Panel okays proposal to regulate electricity, water, fuel subsidies

The parliamentary Legislative and Legal Affairs Committee approved Sunday the proposal to regulate electricity, water and fuel subsidies for government agencies and their employees.

The committee also approved bills on inclusion of the children of Kuwaiti women married to non-Kuwaitis and Bedouns in the national manpower support, addressing problems of Kuwaiti employees laid off from private companies, and establishment of two State universities – one in Mubarak Al-Kabir or Ahmadi and another in Jahra.

Committee Chairman MP Mohammed Al-Dalal disclosed the bill on electricity, water and fuel subsidies require government agencies to fulfill their financial obligations directly from their budgets. He said the committee also approved the proposal to support national employees in the oil sector, while it rejected the recommendation to increase the social allowance for children of Kuwaitis working in the private sector as it contravenes the Constitution.

He added the committee approved the proposals to exempt an only child from mandatory military service; double the year in civil service for those who will render compulsory military service; establish a development center for teachers comprising of representatives from the Ministry of Education and Higher Education, Secretariat General of Awqaf and Teachers Association; amend the Pre-Marriage Medical Examination Law such that men who are planning to get married will participate in a twoweek pre-marriage training course to learn about their rights and obligations if they wish to do so but it is not mandatory; set water and electricity charges; and establish a Kuwaiti shareholding company to supply , install and operate an automated system for reading electricity meters and to allow advance payment of bills. He added the committee decided to submit these proposals to the competent panels so the next meeting will focus on the Anti-Corruption Law, while it postponed taking a decision on the Small Enterprises Bill for further study.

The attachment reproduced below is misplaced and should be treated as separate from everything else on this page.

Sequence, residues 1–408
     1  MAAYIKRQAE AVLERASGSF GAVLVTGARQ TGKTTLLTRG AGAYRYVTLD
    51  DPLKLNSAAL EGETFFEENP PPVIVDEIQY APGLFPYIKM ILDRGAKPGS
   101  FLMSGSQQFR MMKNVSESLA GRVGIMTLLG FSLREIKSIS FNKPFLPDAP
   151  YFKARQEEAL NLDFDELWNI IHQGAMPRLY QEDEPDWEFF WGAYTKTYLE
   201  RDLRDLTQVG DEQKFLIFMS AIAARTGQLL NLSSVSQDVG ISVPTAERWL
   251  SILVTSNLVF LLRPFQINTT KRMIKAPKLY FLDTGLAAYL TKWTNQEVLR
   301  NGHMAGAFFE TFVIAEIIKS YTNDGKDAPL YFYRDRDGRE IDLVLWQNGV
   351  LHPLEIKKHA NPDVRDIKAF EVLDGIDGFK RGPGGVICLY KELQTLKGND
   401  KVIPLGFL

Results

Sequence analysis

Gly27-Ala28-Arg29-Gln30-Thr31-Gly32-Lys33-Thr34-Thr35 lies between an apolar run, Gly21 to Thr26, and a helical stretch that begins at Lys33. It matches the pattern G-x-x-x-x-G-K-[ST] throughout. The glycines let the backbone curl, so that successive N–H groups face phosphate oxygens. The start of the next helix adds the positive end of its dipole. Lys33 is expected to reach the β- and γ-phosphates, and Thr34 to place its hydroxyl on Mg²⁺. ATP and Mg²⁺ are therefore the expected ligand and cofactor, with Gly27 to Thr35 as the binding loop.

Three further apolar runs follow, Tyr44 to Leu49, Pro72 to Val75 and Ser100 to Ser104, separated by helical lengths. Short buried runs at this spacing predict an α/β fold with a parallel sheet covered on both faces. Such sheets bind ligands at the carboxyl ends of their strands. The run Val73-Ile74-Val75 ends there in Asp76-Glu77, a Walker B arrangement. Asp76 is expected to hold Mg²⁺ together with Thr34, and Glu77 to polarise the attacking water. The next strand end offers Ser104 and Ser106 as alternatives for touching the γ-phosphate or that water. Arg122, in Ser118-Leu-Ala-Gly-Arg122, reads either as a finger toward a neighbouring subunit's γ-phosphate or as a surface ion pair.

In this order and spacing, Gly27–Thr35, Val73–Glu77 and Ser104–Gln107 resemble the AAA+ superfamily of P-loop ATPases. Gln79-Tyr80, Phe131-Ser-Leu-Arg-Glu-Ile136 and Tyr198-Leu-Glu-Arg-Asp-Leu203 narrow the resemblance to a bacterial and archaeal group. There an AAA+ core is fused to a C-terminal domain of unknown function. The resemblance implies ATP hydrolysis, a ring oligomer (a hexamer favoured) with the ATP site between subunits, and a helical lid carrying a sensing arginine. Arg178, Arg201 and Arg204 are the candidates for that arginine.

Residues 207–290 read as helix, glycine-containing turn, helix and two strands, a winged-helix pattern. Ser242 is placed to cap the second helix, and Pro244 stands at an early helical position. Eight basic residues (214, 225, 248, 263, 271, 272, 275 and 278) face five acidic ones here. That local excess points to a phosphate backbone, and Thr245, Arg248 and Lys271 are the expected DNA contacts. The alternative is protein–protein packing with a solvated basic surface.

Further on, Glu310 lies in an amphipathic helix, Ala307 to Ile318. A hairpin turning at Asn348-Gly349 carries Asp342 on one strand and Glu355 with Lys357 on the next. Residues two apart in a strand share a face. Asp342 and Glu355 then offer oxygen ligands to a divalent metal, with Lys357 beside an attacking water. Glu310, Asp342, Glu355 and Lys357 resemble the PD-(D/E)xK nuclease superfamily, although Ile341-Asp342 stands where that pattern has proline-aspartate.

Meanwhile, Minister of Health Dr Jamal Al-Harbi said the Ministry of Health’s Licensing Committee found 18 medical errors within three years (2014-2016) and 79 investigations were conducted in the same period. This is in response to the question of MP Mohammed Al- Huwailah about medical errors in private hospitals.

Al-Harbi confirmed the committee conducted investigations on the treatment of patients in private medical institutions in accordance with Therapeutic Institutions Law number 49/1960 and its amendments, as well as decree number 25/1981 on dermatology, dental and other supporting professions.

Upon receiving information or complaint regarding medical errors in private medical institutions, the ministry usually requests for the medical file of the concerned patient and then specialized medical committees are formed.

Depending on the patient’s condition, the ministry looks into the technical and legal aspects of the situation and the case will be forwarded to the Medical Licensing Committee. If proven that the doctors committed errors, they will be punished as per Article 41 of the decree.

Penalties include warning which should be enforced without summoning the offender to appear before the Medical Licensing Committee, suspension from work for a period not exceeding one year, cancellation of license to practice the profession, and closure of the clinic, the minister explained. On cosmetic surgeries, Al- Harbi disclosed the Health Permits Department is in charge of inspecting and supervising the private medical sector to ensure compliance with rules and regulations, in addition to coordinating with quality management and recognition bodies to apply quality standards in private hospitals or to improve them in line with global developments.

He asserted that operations, such as cosmetic surgery, are not permitted unless they are done in hospitals or surgery centers – for one day only – in accordance with the regulations set by the ministry. He added medical errors in private medical institutions are part of the responsibilities of the concerned medical facility, not the ministry whose role is limited to granting permission to open treatment institutions and inspecting them as per Article Two of Act 49/1960 on therapeutic institutions.


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